Creative Suite 5 (CS5) and Code Line

Adobe announced Creative Suite 5 (CS5) last month and it's beginning to hit the streets. I've been using Adobe Illustrator since version 3. I've seen some exciting updates (drawing in preview mode in 5.0—yay!) and some pretty uneventful ones (I don't recall CS2 and CS3 being that different from a user's standpoint). But I think CS5 is a fantastic update and I'm really excited about it.

I won't get into all of the new things Creative Suite 5 has to offer. There are plenty of sites that do a great job of explaining that. I will say that Photoshop's
Content-Aware Fills and Illustrator's Variable-Width Strokes (Adobe calls them Beautiful Strokes) are both pretty huge upgrades.

Since CS5 is now shipping, I wanted to let everyone know what's going on with our products that work with Adobe's Creative Suite.

Art Files 1.4.1
  • Status: CS5 not supported, scanning can be unstable
  • Update: 2.0 will be a paid upgrade (est. $24.95/ea.)
  • Timeline: Mid to Late May 2010

SneakPeek Pro 1.3.1
  • Status: Does not support InDesign CS5 documents
  • Update: 1.4 will be a free update to all users, Will add support for multiple-page previews
  • Timeline: Mid May 2010

SneakPeek Photo 1.0.2
  • Status: CS5 Compatible

We're working very hard to beat those timelines to make CS5 support available as soon as possible. I'd be very interested in hearing when everyone expects to update to Creative Suite 5. Please leave your comments below.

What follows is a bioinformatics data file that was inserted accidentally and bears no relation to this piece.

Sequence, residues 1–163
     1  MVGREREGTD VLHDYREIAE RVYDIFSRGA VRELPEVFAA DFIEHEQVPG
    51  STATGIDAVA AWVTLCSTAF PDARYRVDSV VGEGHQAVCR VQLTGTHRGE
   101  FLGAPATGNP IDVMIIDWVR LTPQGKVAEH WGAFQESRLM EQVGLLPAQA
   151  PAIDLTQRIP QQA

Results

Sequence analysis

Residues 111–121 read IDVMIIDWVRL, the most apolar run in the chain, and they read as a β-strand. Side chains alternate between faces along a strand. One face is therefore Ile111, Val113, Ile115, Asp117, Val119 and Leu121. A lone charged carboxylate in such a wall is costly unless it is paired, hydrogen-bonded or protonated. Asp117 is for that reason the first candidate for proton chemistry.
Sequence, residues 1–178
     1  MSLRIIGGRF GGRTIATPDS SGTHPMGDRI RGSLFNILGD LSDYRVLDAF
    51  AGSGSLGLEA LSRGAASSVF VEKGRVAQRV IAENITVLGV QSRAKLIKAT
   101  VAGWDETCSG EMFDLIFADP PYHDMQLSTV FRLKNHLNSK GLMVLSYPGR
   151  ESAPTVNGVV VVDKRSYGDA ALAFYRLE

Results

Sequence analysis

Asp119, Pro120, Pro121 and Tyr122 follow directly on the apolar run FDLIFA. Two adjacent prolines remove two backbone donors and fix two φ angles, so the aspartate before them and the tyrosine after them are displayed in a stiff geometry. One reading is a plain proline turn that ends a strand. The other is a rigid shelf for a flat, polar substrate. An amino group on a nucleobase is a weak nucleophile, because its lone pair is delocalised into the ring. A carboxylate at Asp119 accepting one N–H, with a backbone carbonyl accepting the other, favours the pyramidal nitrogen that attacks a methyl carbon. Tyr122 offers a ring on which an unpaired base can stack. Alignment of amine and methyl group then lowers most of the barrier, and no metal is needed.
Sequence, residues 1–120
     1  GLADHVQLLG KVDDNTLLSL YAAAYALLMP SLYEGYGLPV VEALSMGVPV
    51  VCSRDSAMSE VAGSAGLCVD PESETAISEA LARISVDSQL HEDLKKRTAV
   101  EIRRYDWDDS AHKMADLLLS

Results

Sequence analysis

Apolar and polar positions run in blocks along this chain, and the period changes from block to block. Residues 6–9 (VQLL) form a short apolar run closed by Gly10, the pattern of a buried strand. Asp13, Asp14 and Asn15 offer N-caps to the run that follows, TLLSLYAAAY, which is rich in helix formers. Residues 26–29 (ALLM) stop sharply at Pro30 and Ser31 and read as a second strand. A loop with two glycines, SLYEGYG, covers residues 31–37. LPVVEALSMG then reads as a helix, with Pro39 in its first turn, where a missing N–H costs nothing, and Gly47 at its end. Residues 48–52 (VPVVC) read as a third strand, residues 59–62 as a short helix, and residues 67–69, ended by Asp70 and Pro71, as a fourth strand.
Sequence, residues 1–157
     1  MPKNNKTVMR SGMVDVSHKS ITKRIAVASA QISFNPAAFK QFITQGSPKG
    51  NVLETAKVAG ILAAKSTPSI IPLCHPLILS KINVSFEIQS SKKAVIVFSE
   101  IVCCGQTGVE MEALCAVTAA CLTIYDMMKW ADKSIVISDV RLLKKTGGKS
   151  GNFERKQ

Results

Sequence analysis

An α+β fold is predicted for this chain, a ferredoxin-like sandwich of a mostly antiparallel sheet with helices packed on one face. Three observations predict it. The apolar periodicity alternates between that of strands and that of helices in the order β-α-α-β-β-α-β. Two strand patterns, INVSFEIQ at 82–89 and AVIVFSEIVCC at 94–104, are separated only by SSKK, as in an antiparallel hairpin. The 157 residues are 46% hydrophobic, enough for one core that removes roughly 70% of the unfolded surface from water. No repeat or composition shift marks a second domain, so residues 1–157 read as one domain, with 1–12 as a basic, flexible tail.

Thanks very much for your support of our products!

- Matheau Dakoske

P.S. If you're interested in seeing some of Illustrator CS5s new features, check out
friday with Mordy's Illustrator CS5 Overview. This and his other videos aren't short (about 30 to 40 min. each), but they're so incredibly informative, I highly recommend checking them out.

SneakPeek Pro: Better InDesign Previews

We've gotten some emails asking about better previews from InDesign when using SneakPeek Pro. It turns out there is a simple way to get better previews, and here's how…

Go to InDesign's Preferences
(InDesign > Preferences > File Handling… ⌘K)


You can select between Small, Medium (Default), Large and Extra Large. We've found that going from a Medium preview for our sample 8-1/2" x 11" to Large only added about 59KB and from Large to Extra Large another 427KB. Your results may vary, but you may want to start off by storing the Large preview depending on your needs.

Here are a few samples to show what we found:


256 Pixel Preview
Medium (Default)
  
512 Pixel Preview
Large
 

1,024 Pixel Preview
Extra Large

On a standard US Letter document, Medium previews began to Greek text below 24 point. On both the Large and Extra Large previews, text was still legible at 12 point. Further testing showed the Large preview would Greek text at 10 point and the Extra Large preview didn't start 'til 4 point text. That said, the Large preview should suffice for most.

That's all there is to it. This, of course, won't affect your previously saved documents. But moving forward, this should give you a better experience working with InDesign.

Oh… Just one more thing. In case you've forgotten what Quick Look looks like without SneakPeek Pro, here it is: